Philippines signs landmark deal to end Muslim uprising
The Moro Islamic Liberation Front rebel group in the Philippines has signed a peace deal with the government that brings an end to one of Asia's longest and deadliest conflicts.
President Benigno Aquino and rebel leaders attended the signing ceremony at the presidential palace in Manila.
Thousands of people have been killed over four decades of separatist fighting in the south of the country.
Talks on the deal began in 2001 and a ceasefire has been in place since 1997.
The Philippines has faced separatist movements for decades in Mindanao, where the Moro Islamic Liberation Front (MILF) is based, and in Jolo, home to the radical Islamist Abu Sayyaf group, which is reportedly linked to al-Qaeda.
Communist rebels have also waged a guerrilla conflict over parts of the country from 1969.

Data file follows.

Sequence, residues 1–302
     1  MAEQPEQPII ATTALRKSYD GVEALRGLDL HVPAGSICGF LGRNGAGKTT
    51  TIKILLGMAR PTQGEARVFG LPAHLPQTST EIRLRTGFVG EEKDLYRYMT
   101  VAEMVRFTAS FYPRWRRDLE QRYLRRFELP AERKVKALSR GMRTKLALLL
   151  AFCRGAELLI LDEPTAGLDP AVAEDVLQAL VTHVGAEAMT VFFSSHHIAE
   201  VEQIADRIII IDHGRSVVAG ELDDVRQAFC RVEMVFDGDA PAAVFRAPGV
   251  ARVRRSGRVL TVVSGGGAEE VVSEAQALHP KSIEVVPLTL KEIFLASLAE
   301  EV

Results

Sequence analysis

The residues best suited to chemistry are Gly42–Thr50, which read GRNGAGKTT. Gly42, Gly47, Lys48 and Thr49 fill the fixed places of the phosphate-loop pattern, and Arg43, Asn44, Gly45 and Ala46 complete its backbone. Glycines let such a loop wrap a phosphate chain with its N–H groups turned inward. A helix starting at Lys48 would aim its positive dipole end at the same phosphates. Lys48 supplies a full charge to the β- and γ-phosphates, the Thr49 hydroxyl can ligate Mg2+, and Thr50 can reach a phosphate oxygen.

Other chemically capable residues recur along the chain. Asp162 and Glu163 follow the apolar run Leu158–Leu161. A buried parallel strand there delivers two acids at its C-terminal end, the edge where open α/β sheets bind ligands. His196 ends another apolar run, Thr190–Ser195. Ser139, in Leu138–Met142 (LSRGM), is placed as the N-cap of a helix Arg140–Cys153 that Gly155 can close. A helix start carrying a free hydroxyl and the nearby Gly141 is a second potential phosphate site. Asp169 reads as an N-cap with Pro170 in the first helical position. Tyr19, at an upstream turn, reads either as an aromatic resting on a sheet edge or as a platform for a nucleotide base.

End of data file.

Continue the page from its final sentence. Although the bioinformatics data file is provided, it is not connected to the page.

Correspondents say Thursday's deal paves the way for mostly Muslim areas of Mindanao to have more autonomy, but it will not end all violence as other groups have vowed to keep fighting for full independence.
"In signing this agreement, the two sides have looked not to the problems of the past, but to the promise of the future,'' Malaysian Prime Minister Najib Razak - whose country brokered the peace talks - said at Thursday's ceremony.
"After so many years of conflict, and so many lives lost, it is a momentous act of courage."
It is estimated that more than 120,000 people have died in separatist violence since the 1970s in Mindanao, the main southern Philippine island.
The area is home to most of the country's five million Muslims, but Christians remain the overall majority.